An appeals court in Pesaro, Italy, has ruled that the Greek bronze known as the Victorious Youth should be confiscated from the Getty Museum in Malibu and returned to Italy. This ruling comes as a surprise and not just to the Getty. Previous rulings on the ownership of the statue have all come down on the side of the Getty due to the nebulous circumstances of the bronze’s discovery and sale.
The life-size statue was fished out of the Adriatic off the coast of Fano in 1964. The fishermen never declared it to customs officials as required by law. Instead they buried it in a cabbage patch before selling it to Italian middlemen that same year for a measly $5,600. They hid it in a priest’s bathtub then smuggled it out of the country into the hands of dealer Elie Borowski in Switzerland, who in turn sold it to the Artemis Consortium. The Getty bought it 13 years later for $3.9 million.
The statue is thought to be from the 2nd or 3rd century B.C., possibly from the workshop of the great Greek sculptor Lyssipos, who was Alexander the Great’s court sculptor and the teacher of Chares of Lindos, the artist who built the Colossus of Rhodes. It is one of very few extant Greek bronzes. Most of what we have are Roman copies.
Italian prosecutors have tried to retrieve it for 40 plus years. In 1966 they prosecuted the Italian middlemen and the priest. They were convicted but their convictions were reversed on appeal in 1970 due to insufficient evidence. The statue itself was still in the shadowy antiquities underground at this point, so the prosecution didn’t even have stolen goods as evidence.
Most recently a case in 2007 prosecuted by Francesco Rutelli (who also prosecuted today’s case) was dismissed by the same Pesaro court who ruled in his favor today. It was a different judge though, and he ruled that the statute of limitations had expired, that since the fishermen were long dead there was no longer anyone to prosecute, and that the Getty had purchased the bronze in good faith.
So what changed, you asked? Some recent news cast serious doubt on the Getty’s good faith. An article in the LA Times last month pointed to a shady series of correspondence over the purchase of the bronse.
“It is clearly understood by us that no commitment is to be made by me on your behalf for the Greek Bronze until certain legal questions are clarified,” wrote Met director Thomas Hoving to Getty in a June 1973 letter. Hoving promised that the Met’s attorneys would talk with Italian officials to clarify the circumstances under which the statue had left Italy and whether the Italians were still pursuing a legal claim, records show.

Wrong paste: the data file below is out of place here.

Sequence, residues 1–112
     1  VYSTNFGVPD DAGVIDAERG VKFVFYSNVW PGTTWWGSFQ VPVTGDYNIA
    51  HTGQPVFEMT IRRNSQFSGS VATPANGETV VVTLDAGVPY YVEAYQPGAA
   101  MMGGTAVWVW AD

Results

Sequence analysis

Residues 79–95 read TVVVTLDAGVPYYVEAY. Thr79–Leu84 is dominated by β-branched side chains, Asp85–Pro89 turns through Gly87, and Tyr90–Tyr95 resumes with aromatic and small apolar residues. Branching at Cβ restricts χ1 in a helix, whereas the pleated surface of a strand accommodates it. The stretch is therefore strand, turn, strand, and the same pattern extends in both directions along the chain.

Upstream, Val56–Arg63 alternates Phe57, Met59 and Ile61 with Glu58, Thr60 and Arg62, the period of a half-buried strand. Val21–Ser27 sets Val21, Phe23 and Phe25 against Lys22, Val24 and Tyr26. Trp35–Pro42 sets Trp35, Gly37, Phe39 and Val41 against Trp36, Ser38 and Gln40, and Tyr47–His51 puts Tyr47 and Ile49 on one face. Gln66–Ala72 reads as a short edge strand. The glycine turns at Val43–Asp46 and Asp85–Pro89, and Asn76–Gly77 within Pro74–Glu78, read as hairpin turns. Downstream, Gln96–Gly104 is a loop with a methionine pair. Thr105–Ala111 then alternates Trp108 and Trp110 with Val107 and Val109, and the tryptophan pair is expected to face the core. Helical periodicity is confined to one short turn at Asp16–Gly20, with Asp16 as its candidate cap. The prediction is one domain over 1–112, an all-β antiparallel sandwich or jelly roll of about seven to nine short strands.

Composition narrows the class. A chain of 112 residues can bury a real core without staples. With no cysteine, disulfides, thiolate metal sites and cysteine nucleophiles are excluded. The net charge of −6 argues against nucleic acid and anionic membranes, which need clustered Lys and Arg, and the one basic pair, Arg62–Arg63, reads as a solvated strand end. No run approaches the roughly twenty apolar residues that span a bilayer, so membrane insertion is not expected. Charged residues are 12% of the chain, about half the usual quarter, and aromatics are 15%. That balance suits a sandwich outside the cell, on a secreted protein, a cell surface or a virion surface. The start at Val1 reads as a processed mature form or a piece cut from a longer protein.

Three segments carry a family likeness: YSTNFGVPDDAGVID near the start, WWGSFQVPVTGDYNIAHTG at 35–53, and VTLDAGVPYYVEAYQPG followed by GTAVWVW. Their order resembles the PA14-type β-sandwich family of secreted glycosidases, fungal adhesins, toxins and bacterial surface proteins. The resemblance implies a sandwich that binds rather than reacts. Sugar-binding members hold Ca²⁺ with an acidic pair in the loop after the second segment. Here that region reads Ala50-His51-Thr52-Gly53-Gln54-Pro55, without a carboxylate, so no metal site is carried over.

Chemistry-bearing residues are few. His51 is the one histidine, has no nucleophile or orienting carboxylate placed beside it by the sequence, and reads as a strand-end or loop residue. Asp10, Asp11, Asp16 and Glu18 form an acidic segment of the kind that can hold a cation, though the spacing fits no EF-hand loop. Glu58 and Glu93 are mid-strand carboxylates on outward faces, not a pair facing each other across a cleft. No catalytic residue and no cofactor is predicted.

The Met’s antiquities curator, Dietrich von Bothmer, raised legal concerns of his own, warning Hoving that the 1970 acquittal “does not permit the legal conclusion that the statue was . . . legally exported from Italy.”
In his acquisition proposal to the Met’s board, Von Bothmer wrote, “I recommend that legal opinions be solicited as to the possibility that a foreign government may at a later time, especially after publication of the statue, claim it as ‘artistic patrimony.’ “
The deal fell through for reasons neither the Met nor the Getty will discuss. After John Paul Getty died in 1976, however, the museum bought the statue for more than JP had offered and without the legal assurances from the Italian government that JP had required. Instead they just took the word of the dealers’ lawyers, which, let’s face it, is worth pretty much nothing.
Anyway, nasty horsetrading shenanigans aside, the legal questions surrounding the find remain thorny and the precedent of several failed cases is on the Getty’s side. The Getty said in a statement that they would pursue the case to Italy’s highest court. Given the glacial pace of the Italian legal system, the Victorious Youth won’t be leaving the Getty Villa in Malibu any time soon.